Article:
“Meet your targets, keep your job.” It is the year 2060 and an all-seeing government apparatus controls the lives of its citizens, whose reward comes in the form only of continued unquestioning servitude to a system seemingly ingrained. As the ‘motivational’ soundbite fades away we zone in on an office environment in which sit two of those citizens, Martha Blush and Jeremy Pivock.
The former calls out long-winded file names and statistics; the latter taps them into a computer, confirming them verbally as he does. Mobile monitoring devices spy on their every move. But the dehumanising words and surroundings are juxtaposed with furtive glances of desire from Martha and reciprocal reactions from Jeremy. In the midst of this controlled, oppressive environment, punctuated with maddening frequency by light and sound alarms and occasional unannounced visits from co-workers, the state machine – initially personified by a soundbite-spouting manager, John – notices that these two workers are falling behind with their targets. For their part, they’re noticing that they’re falling in love.
Writer/director Sasha C Damjanovski’s Project Snowflake perches cheekily on the shoulders of George Orwell’s Nineteen Eighty Four. Jeremy and Martha – who turn out to be scientists at a ‘Creativity Institute’ developing a dream recorder rather than the data entry clerks initially supposed – are immersed in a totalitarian state and pursue freedom-through-love, not as conscious rebellion, but as a natural progression of their shared desire. Yet rather than offering up a sadistic O’Brien-like villain of the piece, the quirk here is with John, for he in turn is being controlled by targets set and regulations laid down by the state. As the dream recorder produces results of which the government disapproves, he merely passes on the pressure he feels. When he in turn rebels, the initial ‘us vs them’ scenario becomes more nuanced.
The narrative opens further to glimpse the lives of other members of the society similarly dehumanised by regulations and controls; in a scene especially pertinent amidst political debate over any future role of the private sector in the NHS, paramedics argue over who should sign a form and pick up the costs for John’s medical treatment before treating him. Everywhere there are citizens enforcing the state’s regulations on its behalf through their own semi-automatic actions, scared of losing their jobs.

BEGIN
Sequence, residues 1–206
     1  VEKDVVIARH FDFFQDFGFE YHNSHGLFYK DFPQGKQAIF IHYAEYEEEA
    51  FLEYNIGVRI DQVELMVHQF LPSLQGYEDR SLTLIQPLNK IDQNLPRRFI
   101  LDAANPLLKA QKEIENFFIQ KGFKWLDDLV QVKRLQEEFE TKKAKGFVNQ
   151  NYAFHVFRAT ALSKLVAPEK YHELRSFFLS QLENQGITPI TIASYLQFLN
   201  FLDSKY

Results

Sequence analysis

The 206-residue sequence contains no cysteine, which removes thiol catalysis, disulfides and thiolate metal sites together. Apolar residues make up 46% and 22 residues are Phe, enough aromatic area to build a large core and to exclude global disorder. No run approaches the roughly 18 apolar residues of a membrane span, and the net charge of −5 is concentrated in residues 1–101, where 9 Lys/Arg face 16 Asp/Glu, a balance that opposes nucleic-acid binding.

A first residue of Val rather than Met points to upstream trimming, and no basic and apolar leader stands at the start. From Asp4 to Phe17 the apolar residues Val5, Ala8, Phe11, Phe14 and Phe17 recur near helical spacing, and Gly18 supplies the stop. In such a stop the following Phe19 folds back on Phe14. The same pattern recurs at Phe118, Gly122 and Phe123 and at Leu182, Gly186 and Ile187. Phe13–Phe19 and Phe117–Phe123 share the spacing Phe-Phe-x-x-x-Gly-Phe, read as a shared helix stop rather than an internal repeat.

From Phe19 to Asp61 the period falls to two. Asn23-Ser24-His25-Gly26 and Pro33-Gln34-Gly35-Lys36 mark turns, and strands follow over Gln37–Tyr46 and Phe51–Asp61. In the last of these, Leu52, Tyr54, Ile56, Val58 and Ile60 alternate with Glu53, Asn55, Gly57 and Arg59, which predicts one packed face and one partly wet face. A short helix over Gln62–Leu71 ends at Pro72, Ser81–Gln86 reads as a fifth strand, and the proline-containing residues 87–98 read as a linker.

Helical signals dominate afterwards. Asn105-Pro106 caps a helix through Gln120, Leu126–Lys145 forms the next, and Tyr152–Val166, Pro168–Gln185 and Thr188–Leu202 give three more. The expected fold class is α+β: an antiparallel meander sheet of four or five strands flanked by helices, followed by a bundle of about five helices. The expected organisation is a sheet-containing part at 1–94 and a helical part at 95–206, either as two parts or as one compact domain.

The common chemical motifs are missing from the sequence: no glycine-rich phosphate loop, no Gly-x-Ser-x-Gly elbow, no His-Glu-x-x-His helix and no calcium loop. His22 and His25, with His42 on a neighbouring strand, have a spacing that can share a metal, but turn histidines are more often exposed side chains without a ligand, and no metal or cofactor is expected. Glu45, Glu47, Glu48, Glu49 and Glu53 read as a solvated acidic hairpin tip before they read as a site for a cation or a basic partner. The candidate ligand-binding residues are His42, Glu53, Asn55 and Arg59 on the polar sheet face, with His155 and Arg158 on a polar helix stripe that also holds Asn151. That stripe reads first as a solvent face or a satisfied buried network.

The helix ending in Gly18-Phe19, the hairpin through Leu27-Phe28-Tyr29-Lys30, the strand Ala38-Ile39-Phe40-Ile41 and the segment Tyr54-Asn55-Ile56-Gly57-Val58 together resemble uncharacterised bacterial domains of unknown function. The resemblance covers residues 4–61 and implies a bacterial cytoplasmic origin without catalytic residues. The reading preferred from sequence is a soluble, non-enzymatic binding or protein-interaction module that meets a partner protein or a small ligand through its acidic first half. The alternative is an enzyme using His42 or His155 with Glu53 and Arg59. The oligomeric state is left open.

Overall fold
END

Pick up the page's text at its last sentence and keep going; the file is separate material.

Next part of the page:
Simon Desborough as Jeremy has more than a hint of the old-fashioned feudal hero about him, while Jonathan Leinmuller as the schmuckish middle manager John well depicts the highs and then lows of his rank’s lot in life, pressured from above and below; this is a villain who engenders pity rather than hate, a cipher of a system his actions help to maintain. As Martha, Laura Evelyn brightly grins in the manner of an evangelical kindergarten assistant as she follows her will against her scientist brain’s logical craving of safety. SheÕs on a rollercoaster and rather enjoying the ride; her enthusiasm and energy pit her against the state’s dead-eyed, regulation-reading automatons as she sets her face to whatever challenges are thrown in her path.
Damjanovski brings his film background to bear with sharply paced visual action and a script which takes sci-fi suppositions to their linguistic conclusions and provides material enough for the ensemble cast to enjoy themselves. Nikola Kodjabashia’s carnivalesque incidental music is almost a character in itself, reflecting the churn of bottled-up frustration felt by the main protagonists. David Shields’ spare though inventive set characterises the production’s flair, underscored by Matt Hall’s sound. And, crucially for an evening’s entertainment, there’s humour and humanity amongst the dystopia, even if the play doesn’t advance much in the way of new ideas.
Many a playwright would be pleased to achieve a production half as fulfilling after several attempts, so it’s a credit to Damjanovski that this is but his first full-length play. As both writer and director he is surely one to watch; his Project Snowflake is the theatrical equivalent of well-made pop music.